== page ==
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Forests for the people, indigenous communities (Masyarakat Adat) or cooperatives? Plural perspectives in the policy debate or community forestry in Indonesia

by Portal Web Editor last modified Jan 10, 2013 12:07 PM
Contributors: Jeffrey Y. Campbell

KEYWORD: Community-based Natural Forest Management, Asia. Asia, Indonesia, community forestry, forest enterprises, industrial forestry, decentralization, forest concession, institutions, laws, NGO, policy, customary rules, indigenous land, book chapter, case study. SUMMARY: This book chapter highlights the current debate over the future of Indonesia' s forests. The national government of Indonesia controls over 70% of Indonesia' s land. Over a third of this area is classified as production forest. Utilization rights to over 90% of production forests were ceded to private industries with the backing of district, provincial government and the military. Forests rich in biodiversity were established as protected areas with accompanying restrictions on access and use. These forest-zoning policies transferred forest rights from the poor to a small urban elite and effectively marginalized communities. The fall of Soeharto has provided the opportunity to address forest policy reform, which currently focuses upon three issues: (1) rights and access, (2) distribution of resources, and (3) regulation and management. Two competing arguments dominate the policy debate: the first calls for the recognition and return to customary rights over forests as a necessary precondition to reform. The second calls for a redistribution of access to forest resources and income from forests as a means to re-orient the economy away from monopoly control of a small elite. A new government community forestry program (HKM) for communities has been initiated, which awards usufruct rights to communities in forest areas where timber concessions have expired or been cancelled. Multi-stakeholder working groups are being established at the national and provincial levels to guide an adaptive process of working together on pilot HKM sites. The author recommends the following to ensure the success of the HKM initiative: Informing communities of management options available under new laws and regulations; Setting clear and flexible guidelines for field-level forestry staff and community members; Providing community based institutions adequate authority, time and trust to build on traditional decision making systems and management practices; Supporting NGO efforts to strengthen community institutions for management, monitoring, and development; Promoting marketing and value-added processing for forest-based enterprises.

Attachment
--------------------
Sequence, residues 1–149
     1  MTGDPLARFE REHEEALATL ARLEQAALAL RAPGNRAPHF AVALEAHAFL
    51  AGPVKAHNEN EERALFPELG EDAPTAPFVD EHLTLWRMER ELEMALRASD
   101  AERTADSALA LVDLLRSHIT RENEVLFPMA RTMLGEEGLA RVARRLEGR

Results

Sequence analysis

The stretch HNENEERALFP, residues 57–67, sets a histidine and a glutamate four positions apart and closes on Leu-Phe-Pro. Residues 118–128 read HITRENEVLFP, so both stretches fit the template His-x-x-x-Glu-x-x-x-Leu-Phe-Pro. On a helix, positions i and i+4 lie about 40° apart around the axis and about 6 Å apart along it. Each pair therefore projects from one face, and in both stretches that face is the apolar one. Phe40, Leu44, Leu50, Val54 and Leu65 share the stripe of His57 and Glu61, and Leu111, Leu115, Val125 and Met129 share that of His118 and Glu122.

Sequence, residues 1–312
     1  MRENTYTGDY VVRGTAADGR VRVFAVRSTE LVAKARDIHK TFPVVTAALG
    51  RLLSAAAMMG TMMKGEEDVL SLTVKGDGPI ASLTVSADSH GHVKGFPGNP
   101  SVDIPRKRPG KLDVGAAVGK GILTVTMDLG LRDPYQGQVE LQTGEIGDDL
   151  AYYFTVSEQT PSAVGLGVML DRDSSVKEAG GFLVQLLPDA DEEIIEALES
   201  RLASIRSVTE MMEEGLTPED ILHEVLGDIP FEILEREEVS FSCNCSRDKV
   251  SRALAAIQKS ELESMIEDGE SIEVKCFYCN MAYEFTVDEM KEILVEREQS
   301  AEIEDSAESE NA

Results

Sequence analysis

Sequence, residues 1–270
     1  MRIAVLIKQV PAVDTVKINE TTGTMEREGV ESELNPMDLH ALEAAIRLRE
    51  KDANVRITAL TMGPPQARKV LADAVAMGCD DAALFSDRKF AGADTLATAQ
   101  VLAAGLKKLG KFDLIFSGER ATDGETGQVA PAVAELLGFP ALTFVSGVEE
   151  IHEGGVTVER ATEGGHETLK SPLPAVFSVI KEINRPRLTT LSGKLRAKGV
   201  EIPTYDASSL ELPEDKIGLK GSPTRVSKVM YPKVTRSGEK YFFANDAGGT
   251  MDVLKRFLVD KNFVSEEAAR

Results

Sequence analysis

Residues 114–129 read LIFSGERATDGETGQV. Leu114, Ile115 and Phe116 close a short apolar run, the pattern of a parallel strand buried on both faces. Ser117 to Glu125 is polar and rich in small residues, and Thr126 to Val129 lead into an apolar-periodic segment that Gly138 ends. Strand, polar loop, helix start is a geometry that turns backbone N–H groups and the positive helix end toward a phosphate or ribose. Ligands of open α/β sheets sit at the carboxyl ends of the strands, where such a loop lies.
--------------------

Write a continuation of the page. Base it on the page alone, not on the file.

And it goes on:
Publication Date: 1999

Author(s): Jeffrey Y. Campbell

Download file: CIFOR Indo Ch5.pdf — PDF document, 264 kB (270900 bytes)

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